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 Center for Biotechnology and Biomedicine
 Institute of Bioanalytical Chemistry
  Structural analysis of biopolymers
  Prof. Dr. Norbert Sträter

DNA-binding functions of PepA

Biological background
psi product PepA
E. coli PepA acts as a assessory protein in Xer site specific DNA recombination. Plasmid multimers are formed in E. coli by homologous recombination. These plasmid multimers reduce the number of independent plasmids and increase the chance of forming plasmid-free daughter cells at cell division. The Xer system resolves plasmid multimers, but does not form new multimers, i.e. the recombination reaction is exclusively intramolecular. For this selectivity the assessory proteins PepA and the arginine repressor (ArgR) are involved in addition to the two recombinases XerC and XerD.

In addition to this function, PepA has an independent role in the transcriptional regulation of the carAB operon, which encodes the enzyme carbamoylphosphate synthetase. For both functions interaction of PepA with DNA has been demonstrated.

DNA-binding groove of PepA
model DNA binding to PepA The molecular surface of PepA reveals a groove which runs from one trimer face along the two-fold molecular axis to the other trimer face. The model shown here demonstrates that this groove is large enough to accomodate duplex DNA.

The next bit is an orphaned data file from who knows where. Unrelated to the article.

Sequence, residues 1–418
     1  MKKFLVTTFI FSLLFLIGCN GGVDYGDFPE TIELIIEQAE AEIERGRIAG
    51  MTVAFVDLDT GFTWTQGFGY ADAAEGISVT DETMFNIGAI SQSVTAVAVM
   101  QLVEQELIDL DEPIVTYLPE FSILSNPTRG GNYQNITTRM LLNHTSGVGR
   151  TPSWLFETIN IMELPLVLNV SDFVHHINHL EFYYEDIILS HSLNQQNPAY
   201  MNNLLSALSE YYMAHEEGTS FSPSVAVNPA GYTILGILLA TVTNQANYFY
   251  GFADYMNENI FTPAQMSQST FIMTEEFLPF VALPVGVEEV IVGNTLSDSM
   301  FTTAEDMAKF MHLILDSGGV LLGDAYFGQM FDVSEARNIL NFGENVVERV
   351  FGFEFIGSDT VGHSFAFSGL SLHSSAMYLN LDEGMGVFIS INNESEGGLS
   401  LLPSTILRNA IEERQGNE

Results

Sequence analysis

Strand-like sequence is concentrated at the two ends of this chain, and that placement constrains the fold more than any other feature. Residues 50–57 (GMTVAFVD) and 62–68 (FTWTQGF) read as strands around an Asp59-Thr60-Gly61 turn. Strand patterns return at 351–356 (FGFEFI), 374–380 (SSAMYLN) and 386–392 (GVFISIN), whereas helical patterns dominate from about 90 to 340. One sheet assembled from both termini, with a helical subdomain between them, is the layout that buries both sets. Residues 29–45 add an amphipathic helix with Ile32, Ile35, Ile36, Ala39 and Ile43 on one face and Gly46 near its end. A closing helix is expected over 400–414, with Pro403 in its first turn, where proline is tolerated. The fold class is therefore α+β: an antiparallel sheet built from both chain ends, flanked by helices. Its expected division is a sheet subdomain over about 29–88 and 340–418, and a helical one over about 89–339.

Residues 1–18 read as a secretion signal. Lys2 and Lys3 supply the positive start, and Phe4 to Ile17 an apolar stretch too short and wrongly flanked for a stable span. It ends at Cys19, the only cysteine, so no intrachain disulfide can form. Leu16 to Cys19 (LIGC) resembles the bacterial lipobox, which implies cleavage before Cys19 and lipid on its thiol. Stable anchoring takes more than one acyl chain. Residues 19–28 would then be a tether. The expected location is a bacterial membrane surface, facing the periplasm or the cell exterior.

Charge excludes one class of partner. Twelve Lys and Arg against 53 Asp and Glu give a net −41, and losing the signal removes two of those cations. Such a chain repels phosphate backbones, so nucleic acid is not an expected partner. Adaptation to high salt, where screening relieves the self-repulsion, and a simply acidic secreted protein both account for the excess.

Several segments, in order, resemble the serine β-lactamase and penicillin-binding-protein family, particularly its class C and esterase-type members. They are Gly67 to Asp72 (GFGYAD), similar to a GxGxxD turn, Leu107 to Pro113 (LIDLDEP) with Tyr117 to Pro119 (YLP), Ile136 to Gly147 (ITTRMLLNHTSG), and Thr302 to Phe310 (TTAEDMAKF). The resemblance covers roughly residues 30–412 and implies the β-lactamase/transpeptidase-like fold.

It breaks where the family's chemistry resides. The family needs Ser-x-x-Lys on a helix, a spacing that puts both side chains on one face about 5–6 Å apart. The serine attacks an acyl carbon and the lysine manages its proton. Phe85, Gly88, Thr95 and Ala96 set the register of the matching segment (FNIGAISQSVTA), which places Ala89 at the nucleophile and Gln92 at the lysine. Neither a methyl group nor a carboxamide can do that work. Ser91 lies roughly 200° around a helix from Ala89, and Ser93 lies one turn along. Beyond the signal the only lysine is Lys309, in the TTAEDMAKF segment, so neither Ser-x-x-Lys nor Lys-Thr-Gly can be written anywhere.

When the DNA winds around PepA in the direction of the three-fold axis (from top to bottom in this figure), the topology of the hexamer directs the DNA strand to form a right-handed superhelix. This is in agreement with the formation of right-handed catenanes as plasmid products.

A model for the Xer complex
Xer complex Based mainly on the topology of the plasmid products (4-noded, right-handed catenanes), DNase I footprinting assays and the X-ray structures of PepA and ArgR, a new model for the Xer complex was proposed by us, in which two PepA molecules (blue) and one arginine repressor (green) associate along the trimer faces. The  two recombination sequences (red and yellow) are wound around the protein complex such that right-handed superhelices are formed and three nodes are trapped. An additional node is introduced in the recombination reaction.
Models were build for these complexes in order to have a realistic estimation of the relative positions of the protein binding sites along the DNA sequence and to ensure that the DNA curvature has realistic values. 

Sträter, N., Sherratt, D. J. & Colloms, S. D. (1999). X-ray structure of aminopeptidase A from E. coli and a model for the nucleoprotein complex in Xer site-specific recombination. EMBO J. 18, 4513-4522.

Colloms, S. D., Bath, J. & Sherratt, D. J. (1997). Topological selectivity in Xer site-specific recombination. Cell 88, 855-864.